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The Nikkei View

Countries need multifaceted approach to securing rare metals

Dependence on China for crucial resources presents risks

Crushed rare-earth ore from a California mine. China accounts for about 60% of the world's production of rare-earth minerals.  © Reuters

Electric vehicles and wind power will play important roles in decarbonizing society. Rare metals are indispensable for the batteries in EVs and the motors of wind power generators. But the rare metals needed to make these batteries and motors are produced unevenly in a handful of countries, and their distribution is sometimes subject to the political whims of these nations.

Demand for rare metals is expected to grow as decarbonization progresses. Ensuring a stable supply will thus become an increasingly important component of economic security, and countries must prepare an array of measures to adequately procure these resources. 

"Rare metals" is a general term that refers to about 30 different metals. About 70% of the cobalt used in car batteries is produced in the Democratic Republic of the Congo. Neodymium, a type of rare-earth element, is used in wind power generators, but about 60% of it is produced in China.

The Joe Biden administration in the U.S. has declared rare earths to be strategic commodities essential to maintaining and strengthening U.S. competitiveness, along with semiconductors, high-capacity batteries and pharmaceuticals. Washington has initiated reviews of supply chains for these goods.

Concerns about dependence on China for important minerals are driving such actions. In the private sector, U.S.-based Tesla is working to secure its own nickel and lithium deposits for use in its EVs.

Japan's industry ministry estimates that producing 1 million EVs would require an amount of lithium and cobalt equal to current domestic demand. Tokyo also needs to rethink its strategy to ensure a stable supply amid the changing environment.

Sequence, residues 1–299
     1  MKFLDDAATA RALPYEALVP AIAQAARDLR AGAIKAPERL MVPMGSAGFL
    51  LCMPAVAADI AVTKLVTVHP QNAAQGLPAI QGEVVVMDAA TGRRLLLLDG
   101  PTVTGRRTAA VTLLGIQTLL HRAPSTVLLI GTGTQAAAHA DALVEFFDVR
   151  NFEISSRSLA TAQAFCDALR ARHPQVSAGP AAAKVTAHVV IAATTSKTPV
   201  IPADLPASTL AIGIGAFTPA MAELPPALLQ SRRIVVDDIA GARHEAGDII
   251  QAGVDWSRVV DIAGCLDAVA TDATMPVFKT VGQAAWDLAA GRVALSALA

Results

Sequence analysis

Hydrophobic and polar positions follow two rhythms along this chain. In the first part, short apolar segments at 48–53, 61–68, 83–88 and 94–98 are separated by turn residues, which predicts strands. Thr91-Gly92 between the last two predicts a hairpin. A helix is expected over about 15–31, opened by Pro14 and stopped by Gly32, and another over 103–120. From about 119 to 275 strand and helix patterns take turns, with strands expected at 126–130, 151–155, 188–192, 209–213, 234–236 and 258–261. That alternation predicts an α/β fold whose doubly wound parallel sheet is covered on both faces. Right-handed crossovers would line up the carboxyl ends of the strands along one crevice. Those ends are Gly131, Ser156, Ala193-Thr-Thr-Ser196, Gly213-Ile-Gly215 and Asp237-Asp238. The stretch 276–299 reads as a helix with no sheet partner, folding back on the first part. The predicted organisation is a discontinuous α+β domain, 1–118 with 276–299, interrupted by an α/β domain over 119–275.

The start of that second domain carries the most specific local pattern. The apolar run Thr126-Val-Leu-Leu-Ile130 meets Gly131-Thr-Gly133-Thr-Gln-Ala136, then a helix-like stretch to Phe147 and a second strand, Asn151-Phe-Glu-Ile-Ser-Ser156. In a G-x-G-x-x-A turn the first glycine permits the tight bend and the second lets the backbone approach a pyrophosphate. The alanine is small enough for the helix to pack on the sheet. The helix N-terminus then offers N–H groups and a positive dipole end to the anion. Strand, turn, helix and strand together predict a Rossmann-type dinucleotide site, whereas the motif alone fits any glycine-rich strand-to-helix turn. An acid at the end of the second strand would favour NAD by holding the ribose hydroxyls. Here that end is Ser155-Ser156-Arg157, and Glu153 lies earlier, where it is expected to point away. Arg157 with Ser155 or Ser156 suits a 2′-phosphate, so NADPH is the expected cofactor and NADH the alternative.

The ministry will soon finalize its new Strategic Energy Plan, which will serve as a long-term guide for Japan's energy strategy. This is an appropriate mechanism for stronger measures to secure rare metals.

The first necessary step is diversifying procurement sources. In the case of very important minerals, policymakers should consider providing more support to exploration, development and refining companies through Japan Oil, Gas and Metals National Corp.

Japan's territorial waters and exclusive economic zone are thought to be rich in mineral resources such as cobalt and manganese. Establishing a system to develop and make use of these resources is necessary. Cooperating with the U.S., Australia, India and others to stabilize supply will also be important.

Last year, the Japanese government reviewed the management of the national stockpile of rare metals. Of key importance will be flexibility in changing the types and amounts of minerals covered depending on the international situation and market conditions.

Also essential is cooperation between the public and private sectors in developing alternative technologies like batteries that do not use cobalt, and promoting recycling to recover rare metals from used batteries and motors.

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